A look from Hobbs.

Hobbs London is ready to spread its understated British aesthetic across the U.S.

And where else to begin launching freestanding Hobbs stores than in the affluent, tony village of Greenwich, Conn., which is named after a borough in London and has an English country aura of its own. The 2,400-square-foot Hobbs shop, located at 243 Greenwich Avenue, has set a grand opening for April 26, though a soft opening will occur Saturday.

“This is a very big moment for Hobbs,” Jim Walters, president of Hobbs USA, told WWD during an exclusive interview. “International growth is a focus for the company.”

In the U.S., Walters sees Hobbs opening an average of two stand-alone stores annually beginning in 2018, and ultimately operating up to 25 stores.

“When you are a European brand, and very much rooted in our British heritage, it doesn’t necessarily mean you have customers across the entire U.S. You have to pick your locations carefully,” Walters said.

In addition, Hobbs concession shops are proliferating inside Bloomingdale’s stores, and Hobbs is considering extending the life of its pop-up shop in the Westchester Mall in White Plains, N.Y.

Hobbs entered the U.S. two-and-a-half years ago by opening five concession shops inside various Bloomingdale’s locations, giving Hobbs “a good feel for the customer base,” Walters said.

There are 19 concessions at different Bloomingdale’s and 23 are expected to be up and running by the end of this year. “Maybe 30 Bloomingdale’s concessions would be right for us. At some point, we’ll hit the threshold. We have a strong relationship with them,” Walters said.

Asked if additional distribution channels beyond Bloomingdale’s would be considered, Walters replied, “Currently not right now.”

With the 2,500-square-foot Hobbs pop-up shop in the Westchester Mall, “We have a one-year lease there, but we are in the process of continuing it or converting it to a permanent store in the mall,” said Walters, who previously worked for Karen Millen, another British brand.

Hobbs was launched by Yoram and Marilyn Anselm with its first store in Hampstead in London in 1981. There are now more than 140 branches in the U.K. and Ireland as well as concession shops in the United Arab Emirates, Germany and Sweden, as well as the U.S. The bulk of the business is in the U.K., where Hobbs has 54 stores, a pop-up shop, nine outlets and 102 department store concessions. Hobbs, which generates 120 million pounds, or more than $150 million in revenues, has been owned by the 3i private equity firm for 12 years.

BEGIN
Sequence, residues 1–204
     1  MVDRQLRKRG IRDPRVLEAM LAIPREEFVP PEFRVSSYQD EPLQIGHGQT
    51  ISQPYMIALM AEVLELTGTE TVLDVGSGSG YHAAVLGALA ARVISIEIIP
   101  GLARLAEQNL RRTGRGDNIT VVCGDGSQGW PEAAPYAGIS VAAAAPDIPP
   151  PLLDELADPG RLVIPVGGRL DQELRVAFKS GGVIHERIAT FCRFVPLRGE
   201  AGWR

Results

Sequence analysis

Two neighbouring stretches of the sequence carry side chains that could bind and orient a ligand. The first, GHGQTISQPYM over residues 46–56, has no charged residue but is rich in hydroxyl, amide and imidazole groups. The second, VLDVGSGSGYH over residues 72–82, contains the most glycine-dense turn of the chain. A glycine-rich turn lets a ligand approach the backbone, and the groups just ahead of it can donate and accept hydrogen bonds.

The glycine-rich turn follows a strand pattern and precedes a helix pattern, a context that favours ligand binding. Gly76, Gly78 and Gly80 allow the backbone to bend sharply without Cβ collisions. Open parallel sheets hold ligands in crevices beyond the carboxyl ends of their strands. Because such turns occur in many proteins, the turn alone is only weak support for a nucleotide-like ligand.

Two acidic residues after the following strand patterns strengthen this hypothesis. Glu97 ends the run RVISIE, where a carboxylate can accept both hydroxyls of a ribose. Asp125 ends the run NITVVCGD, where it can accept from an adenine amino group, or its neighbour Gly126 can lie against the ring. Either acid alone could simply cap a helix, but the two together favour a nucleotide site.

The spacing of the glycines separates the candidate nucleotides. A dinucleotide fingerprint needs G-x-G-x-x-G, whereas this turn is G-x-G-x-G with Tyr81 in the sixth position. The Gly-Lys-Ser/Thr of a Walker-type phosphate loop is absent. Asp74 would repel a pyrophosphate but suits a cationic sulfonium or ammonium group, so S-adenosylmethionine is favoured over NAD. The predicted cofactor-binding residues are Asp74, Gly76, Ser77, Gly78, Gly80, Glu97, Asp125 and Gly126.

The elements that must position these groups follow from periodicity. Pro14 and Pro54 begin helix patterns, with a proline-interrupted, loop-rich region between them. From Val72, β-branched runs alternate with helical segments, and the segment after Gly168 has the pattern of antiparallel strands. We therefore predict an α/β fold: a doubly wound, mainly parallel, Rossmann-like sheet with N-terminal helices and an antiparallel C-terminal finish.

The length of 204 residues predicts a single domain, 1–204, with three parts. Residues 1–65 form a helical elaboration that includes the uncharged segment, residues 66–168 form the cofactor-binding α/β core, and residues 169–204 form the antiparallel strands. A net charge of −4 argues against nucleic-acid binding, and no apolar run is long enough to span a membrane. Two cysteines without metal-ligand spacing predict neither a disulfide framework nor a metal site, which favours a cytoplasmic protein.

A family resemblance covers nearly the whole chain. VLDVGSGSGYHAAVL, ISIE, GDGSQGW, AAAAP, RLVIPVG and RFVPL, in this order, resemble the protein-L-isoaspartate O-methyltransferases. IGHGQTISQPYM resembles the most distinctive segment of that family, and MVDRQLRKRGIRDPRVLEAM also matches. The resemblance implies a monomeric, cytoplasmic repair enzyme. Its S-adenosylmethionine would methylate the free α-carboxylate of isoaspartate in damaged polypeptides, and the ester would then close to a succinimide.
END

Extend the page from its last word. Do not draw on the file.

A look from Hobbs’ spring collection. 

The collection is a favorite of the Duchess of Cambridge, and typically attracts a professional, busy woman seeking tasteful, timeless, but not flashy clothes.

Among the bestsellers are the washable suitings and dresses, particularly occasion dresses. The collection is all private label, designed in Hobbs’ London atelier. Walters said Hobbs most directly competes against Hugo Boss and Theory with suitings and wear-to-work clothes, and competes with Ann Taylor from a lifestyle point of view, but not on price point or style. Tops generally are priced from around $60 to less than $200, while dresses are primarily in the $200 to $700 range.

Along with the collection’s occasionwear, casual styles, work attire, shoes, leather goods and scarves, the store offers The Palace Collection by Hobbs, which is created in collaboration with Historic Royal Palaces, the independent charity that cares for six palaces, including the Tower of London, Hampton Court Palace and Kensington Palace.

With its gilt mirrors, silver tea trays, antique display fixtures and bespoke cushions, the Greenwich store is inspired by elegant British living, while American craftsmanship is woven through with locally-sourced lighting, furniture and upholstery, according to Hobbs’ creative director Sandy Verdon.

“We look forward to giving the successful, confident women of Greenwich an alternative label,” Walters added, describing the line as contemporary clothing and accessories, both casual and formal, with “a playful British twist.”

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